September began well with the Marsh Warbler at Argimore Pools and Baird's and Pectoral Sandpiper on Tresco (found in late August) staying into early September.  The latter was joined by another Pectoral Sandpiper for a few days on 4th September.  The first of a very good run of Ictorine Warblers was found at Carn Gwarvel, St. Mary's on 3rd.  The Citrine Wagtail at Porth Hellick on 4th - 8th September was often feeding under the hides.  Remarkably another was on St. Agnes on 5th.  The Wryneck found on the Garrison on 6th was the first of a good run for this species in September.  A small influx on 11th brought Firecrest, Lapland Bunting, Snow Bunting, and Ortolan to the islands for the first time this Autumn.  The same day saw a Mediterranean Gull on St. Mary's.  An elusive Woodchat Shrike was on St. Agnes on 13th - 14th, with an Eider seen near St. Agnes on 13th (a good Scillonian rarity).  The Tawny Pipit on St. Agnes in mid month was the first of several.  A Common Rosefinch was on St. Martin's on 16th - 18th with a juvenile Red-backed Shrike on Lower Moors on 19th - 22nd.

The moulting adult American Golden Plover found at Telegraph on 20th was joined by another on 23rd the latter originally seen on Tresco on 22nd.  One bird stayed to 12th October, moving between Tresco and St. Mary's.

Easterly winds brought a juvenile Rosecoloured Starling to Bryher and several large birds of prey including a Marsh Harrier over St. Mary's, Buzzard over Tresco and an Osprey off the Eastern Islands.  Heavy rain that night brought many migrants to the islands plus good numbers of Wryneck and Ortolan and a Pomarine Skua was seen off St. Mary's.

The rarity of the month was the Pacific Swift seen over Salakee/Porth Hellick for less than twenty minutes on 23rd.  That evening a Sabine's Gull roosted on St. Agnes with a Common Nightjar hawking nearby at dusk.  The islands eleventh Great-spotted Woodpecker was on St. Agnes in late September before moving to Tresco.  The last day of September saw a new Icterine Warbler on St. Mary's and Red-throated Pipit and Corncrake on Tresco.  Another Red-throated Pipit was on St. Mary's in the first week of October.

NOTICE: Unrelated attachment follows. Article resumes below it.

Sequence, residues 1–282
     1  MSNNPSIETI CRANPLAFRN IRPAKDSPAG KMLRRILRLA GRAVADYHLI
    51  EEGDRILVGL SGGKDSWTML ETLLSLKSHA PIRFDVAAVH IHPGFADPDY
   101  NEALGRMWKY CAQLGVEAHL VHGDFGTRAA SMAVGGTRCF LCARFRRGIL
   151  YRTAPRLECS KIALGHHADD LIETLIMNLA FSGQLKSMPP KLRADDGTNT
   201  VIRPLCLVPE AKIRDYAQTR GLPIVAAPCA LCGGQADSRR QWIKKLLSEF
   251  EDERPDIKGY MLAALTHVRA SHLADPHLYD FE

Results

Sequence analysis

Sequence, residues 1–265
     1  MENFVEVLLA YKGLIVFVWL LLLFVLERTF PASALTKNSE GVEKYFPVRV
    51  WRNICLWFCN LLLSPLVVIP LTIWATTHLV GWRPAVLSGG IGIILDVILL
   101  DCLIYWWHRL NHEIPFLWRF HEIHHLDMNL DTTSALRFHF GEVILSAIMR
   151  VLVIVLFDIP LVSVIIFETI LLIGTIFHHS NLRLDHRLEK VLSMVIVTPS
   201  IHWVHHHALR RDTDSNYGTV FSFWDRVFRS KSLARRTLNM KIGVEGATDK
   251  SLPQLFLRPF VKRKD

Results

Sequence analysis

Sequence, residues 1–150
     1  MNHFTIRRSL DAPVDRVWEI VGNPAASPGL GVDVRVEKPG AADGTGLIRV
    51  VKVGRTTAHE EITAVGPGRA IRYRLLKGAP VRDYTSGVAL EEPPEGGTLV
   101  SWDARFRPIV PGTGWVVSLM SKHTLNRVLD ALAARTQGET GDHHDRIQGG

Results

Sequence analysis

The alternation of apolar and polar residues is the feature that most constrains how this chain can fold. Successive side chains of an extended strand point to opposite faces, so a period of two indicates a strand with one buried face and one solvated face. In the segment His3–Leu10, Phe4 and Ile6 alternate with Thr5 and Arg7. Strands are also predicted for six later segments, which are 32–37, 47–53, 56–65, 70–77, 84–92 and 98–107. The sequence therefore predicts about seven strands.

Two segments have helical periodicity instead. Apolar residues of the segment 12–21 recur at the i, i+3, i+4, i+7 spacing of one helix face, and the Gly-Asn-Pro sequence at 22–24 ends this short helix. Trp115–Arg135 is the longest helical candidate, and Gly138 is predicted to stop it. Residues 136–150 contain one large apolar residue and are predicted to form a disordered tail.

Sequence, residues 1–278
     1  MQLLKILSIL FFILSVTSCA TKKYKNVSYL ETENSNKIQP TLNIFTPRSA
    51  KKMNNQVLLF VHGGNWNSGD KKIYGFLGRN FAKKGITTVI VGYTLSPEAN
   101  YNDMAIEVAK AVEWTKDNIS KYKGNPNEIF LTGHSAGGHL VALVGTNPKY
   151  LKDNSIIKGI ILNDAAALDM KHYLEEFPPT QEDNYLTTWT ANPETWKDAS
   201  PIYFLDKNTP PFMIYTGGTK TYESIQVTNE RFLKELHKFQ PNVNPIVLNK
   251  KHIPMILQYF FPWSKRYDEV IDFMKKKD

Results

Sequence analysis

October started quietly, the calm sunny weather was not conducive to many migrants arriving to keep the visiting birders occupied.  Showing well on the Garrison was the Chinese Grosbeak which, although an escaped cage bird, is very impressive.  More genuine was the Richard's Pipit that was on Bryher and the first of a scattering of Yellowbrowed Warblers and Firecrest in the more sheltered areas on the islands.

When the gales did arrive on 7th - 9th many seabirds passed the islands including one Long-tailed Skua and a scattering of Arctic and Great Skuas, Great Cory's and Sooty Shearwater were noted from headlands facing the prevailing wind of the day.
These gales did produce the first American land bird of the year.  The Common Yellowthroat that has been in the Rose Hill area has often been very difficult to see (as they are in America).  This is only the seventh record for Britain and the second on Scilly.  Those watching this bird a couple of days later were fortunate to see a Corncrake that spent quite a while sunbathing on a nearby wall.

As in 1984 the Yellowthroat was soon followed across the Atlantic by a Blackpoll Warbler.  This years bird usually fed high in the Elms near Tresco Abbey and was often absent for several hours.  The 10th saw a Monarch butterfly on Tresco at Borough Farm, that or another was seen in the same area a week later.

As the gales passed a Little Bunting arrived on St. Mary's on 14th, originally on Lower Moors then near Porth Hellick the next day.  The same day saw a juvenile Rose-coloured Starling arrive on St. Agnes.  Seawatching in strong south westerly winds on 16th and 17th produced smaller numbers of Shearwaters but many more Skuas with four species noted off Peninnis on 17th.  As the winds eased a Radde's Warbler was found on St. Agnes on 18th.  This was glimpsed again the next day but was overshadowed by two Rustic Bunting on Tresco, another Radde's Warbler on St. Mary's and at least five Pallas's Warblers.  Three on St. Mary's and two on Tresco made this the highest ever daily count on Scilly.  All this after the majority of visiting birders had left for home the day before!

Will Wagstaff

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